about 930 or 10:30
pm at night. And then I decided to take a few minutes of rest. And then my father came and said he will have testimony. So I realized that I forgot about you, you know, I did not have memory from our test. Right? So you said do you go

Wajahat Karim 20:14
Sure, I talked for two minutes. And then I said, Yes. So everyone in the family were like, No, you should not go, you are not in the right condition, and you can't afford it anyway, so why bother? But I was hesitant on that I will, very insistent on that. And I said that I would not compromise. It was out of town about one hour travel. And my friends had rented a car. So they offered me to come along. Okay, so we left around 6am In the morning, and we had

a test at 8:30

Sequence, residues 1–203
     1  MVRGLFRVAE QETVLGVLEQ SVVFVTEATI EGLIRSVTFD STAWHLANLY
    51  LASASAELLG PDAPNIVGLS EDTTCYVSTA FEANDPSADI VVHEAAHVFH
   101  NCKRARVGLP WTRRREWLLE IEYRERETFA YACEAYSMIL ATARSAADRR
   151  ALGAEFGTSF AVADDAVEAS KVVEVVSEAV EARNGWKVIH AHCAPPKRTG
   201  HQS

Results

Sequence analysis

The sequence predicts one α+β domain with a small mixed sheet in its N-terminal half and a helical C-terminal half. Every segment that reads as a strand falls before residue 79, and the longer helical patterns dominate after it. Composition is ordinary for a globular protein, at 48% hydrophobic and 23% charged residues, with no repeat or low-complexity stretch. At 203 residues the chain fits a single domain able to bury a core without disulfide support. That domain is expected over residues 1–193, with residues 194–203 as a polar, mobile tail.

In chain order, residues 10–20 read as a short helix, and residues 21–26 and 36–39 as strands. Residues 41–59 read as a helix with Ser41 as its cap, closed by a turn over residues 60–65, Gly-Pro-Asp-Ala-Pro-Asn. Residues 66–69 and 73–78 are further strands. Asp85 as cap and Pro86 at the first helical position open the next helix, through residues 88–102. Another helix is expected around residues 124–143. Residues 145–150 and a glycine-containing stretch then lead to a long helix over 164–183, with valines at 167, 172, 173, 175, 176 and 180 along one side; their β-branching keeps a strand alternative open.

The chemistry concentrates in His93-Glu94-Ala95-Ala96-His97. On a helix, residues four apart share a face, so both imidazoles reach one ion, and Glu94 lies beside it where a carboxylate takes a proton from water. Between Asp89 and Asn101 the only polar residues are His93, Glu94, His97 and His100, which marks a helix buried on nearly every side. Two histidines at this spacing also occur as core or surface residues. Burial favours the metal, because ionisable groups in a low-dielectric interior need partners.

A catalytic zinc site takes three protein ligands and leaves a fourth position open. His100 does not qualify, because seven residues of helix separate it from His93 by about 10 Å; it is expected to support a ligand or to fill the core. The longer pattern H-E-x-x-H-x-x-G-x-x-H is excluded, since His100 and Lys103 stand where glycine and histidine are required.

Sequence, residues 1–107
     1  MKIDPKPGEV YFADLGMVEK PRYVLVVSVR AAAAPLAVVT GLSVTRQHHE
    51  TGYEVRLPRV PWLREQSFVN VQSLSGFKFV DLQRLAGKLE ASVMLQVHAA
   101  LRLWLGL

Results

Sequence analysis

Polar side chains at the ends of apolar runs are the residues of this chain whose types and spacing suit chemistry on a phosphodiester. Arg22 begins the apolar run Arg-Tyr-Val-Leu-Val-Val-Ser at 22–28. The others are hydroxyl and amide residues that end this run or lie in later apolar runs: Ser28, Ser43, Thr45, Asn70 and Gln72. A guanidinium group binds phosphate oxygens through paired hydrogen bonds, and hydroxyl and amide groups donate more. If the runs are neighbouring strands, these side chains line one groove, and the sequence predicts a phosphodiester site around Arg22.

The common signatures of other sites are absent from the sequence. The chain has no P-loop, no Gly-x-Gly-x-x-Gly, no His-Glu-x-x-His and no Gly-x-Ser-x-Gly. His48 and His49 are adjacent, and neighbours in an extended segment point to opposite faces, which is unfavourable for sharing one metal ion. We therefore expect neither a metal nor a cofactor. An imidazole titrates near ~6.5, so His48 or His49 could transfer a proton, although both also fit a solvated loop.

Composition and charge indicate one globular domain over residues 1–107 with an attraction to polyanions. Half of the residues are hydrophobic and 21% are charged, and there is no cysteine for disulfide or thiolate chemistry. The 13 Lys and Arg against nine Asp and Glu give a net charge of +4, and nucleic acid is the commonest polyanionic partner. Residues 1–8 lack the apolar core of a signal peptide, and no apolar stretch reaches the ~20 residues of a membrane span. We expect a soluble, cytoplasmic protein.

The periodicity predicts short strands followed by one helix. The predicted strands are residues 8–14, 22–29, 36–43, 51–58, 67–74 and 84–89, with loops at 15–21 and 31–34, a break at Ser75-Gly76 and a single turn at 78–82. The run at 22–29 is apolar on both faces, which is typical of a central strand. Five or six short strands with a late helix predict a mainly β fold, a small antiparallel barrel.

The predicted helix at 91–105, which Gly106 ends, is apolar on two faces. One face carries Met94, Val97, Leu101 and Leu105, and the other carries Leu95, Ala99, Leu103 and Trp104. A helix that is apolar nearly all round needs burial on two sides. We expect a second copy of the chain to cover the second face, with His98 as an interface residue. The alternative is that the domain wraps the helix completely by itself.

am. So we just left early because of margin if something goes wrong on the road or something. So we did, and the test was about three hours. And I did not have any kind of motivation. I did not have any kind of encouragement that whether I should pass this test or not, just while the time passed. So in the road, on the road, my father called my friend, and I did not have cell phone, but he called my friend and he asked, how's that? So he looked at me, and what I was doing, I was enjoying music, after class, rhyming and singing and all that. So he told my father that I don't know what he's up to is sort of in your English, you know? I don't know he's happy or sad. I just don't understand. So he said, Okay, then friend asked me that. Are you okay? Why are you enjoying, so I say rest is best for death. So I am taking rest. So he said, Okay, so tested started, and everyone got busy into their papers. And I also got busy into my paper, just kind of went silent, you know, so much silence, not pindrop. So not was wondering that just kind of dead. So I just couldn't bear it. I had so much pent up energy in my chest, that I wanted to get it out. And now suddenly, I am completely silent environment. So I just couldn't bear it. So I returned my test paper in one and 13 one hour. And so I did the three hour test in one hour. Because I was not interested, whether it's right or wrong. And there were 48 questions of mathematics and the 38 questions of physics, and reservoir in chemistry in relation computers. So my friends used to study every subject, while I only focus on two subjects. So they used me they used to tell me that Why are you not taking English Seriously, why you are not taking computers? So I used to say that there are 86 questions of mathematics and physics. I'm good at goals. So if I clear all those Bucha My seat is ready. I don't have to worry about any of that. So why should I waste my time on chemistry English computer? I'm only focused No, this is called smarter, not harder. So there used to be okay. So I only took those questions because there are negative marking so I can't answer wrong question. I just left every intersection, no blank. No a no b nothing. So it was all blank. So I came I came back again. I get out of room. And I had like whoever shall wait, because my friends will get free and then we'll go together in the same car at home. Now I came in the lawn area in the school and I'm sitting all there and my neck two hours but all about you know, try. I cried. I shouted. Everything I took and later my friends Carter, and I cried more. I shout. I was yelling. I was angry. I don't know what kind of emotion network find out. pent up energy in my chest, which I wanted to get out. And being a big brother suddenly I just couldn't afford it in front of my family. So I just did it there anyway, teachers are working students are working, we are looking at sinking funds. So I did not bother, you know, I just spend my time, this is my time. And this was the only reason I went to the test. I wanted to get some, you know, unknown time, and I realized that a test, I wouldn't be able to get that, you know, otherwise family is not going to leave me anywhere, every time you have to be someone with because they were worried that whether I should do anything wrong or something. So this was my way. So then I came back home, like Big Brother and always smile. And it's been like 13 or 14 years, since my mother left. And I piston that kind of reaction in no time not to try I miss her a lot. Because she was very dear to me, she used to be a mentor to me, if you are not educated, but she you are the kind of person who used to have a lot of wisdom. I didn't understand at that point. But now when I reflect to have change, and how I realized that there are a lot of wisdom in both of us. So So about 22 days later, I got a call from an unknown number at our home telephone. And he says, Hey, I'm talking from the funeral, Stu. And I want to congratulate you that you have been selected. So what I've reflected back to you said you have an 84 marks out of 120 and you are in the second number in whole Pakistan. What second number? Yeah, and I want to invite you to university and I want to confirm that whether you can come or not. So I was like, Okay, what am I supposed to tell them now? So, it was just a time fasters you know, so I told them that sorry, sir, I cannot come. But your position holder, you are not coming? So I said No, sir. So they said, why? I said, Sir, I cannot afford it. So it's way I even don't know how much tuition fees you get. Because I just know that expensive, I can't afford it. My father salary is a total of a piece a month. So it's not that way heavy. So he said Sir, why did you apply it? Then? I said, just mother told me that I should give as many tests as possible. That was it. So they said okay, I'll call back later a few days later, they call me again. And that is it hair that we have decided that we want to give you a scholarship fully funded scholarship of 2.5 million rupees. So as common as a 2.5 million, that will cover your whole tuition fees, your whole hostel fees, your whole affair mix, and you will get 6000 rupees allowance every semester for books, and you will get a train ticket two sided train ticket every year to go and visit home. And whatever facility it hostel provides you that will be free of charge, you will not be charged with anything. And on top of that, we will give you a tea towel along per month by your personal pocket expenses. So I'm coming I just couldn't believe it. You know, the thing I have heard is that, you know, imagining power behind mother's prayer. And I was just witnessing. I just couldn't understand what happened. Now the person from a very rural area without any affordable is going to number one university in part without and I just couldn't believe it. So I just grabbed that opportunity and said okay. Now only problem was that there were students or there were students of very high caliber. Some top army brigade here can large airport pilots and those kind of people, they come to the university and Land Cruisers, and they're paying very expensive Apple laptops. And I even don't know how to talk in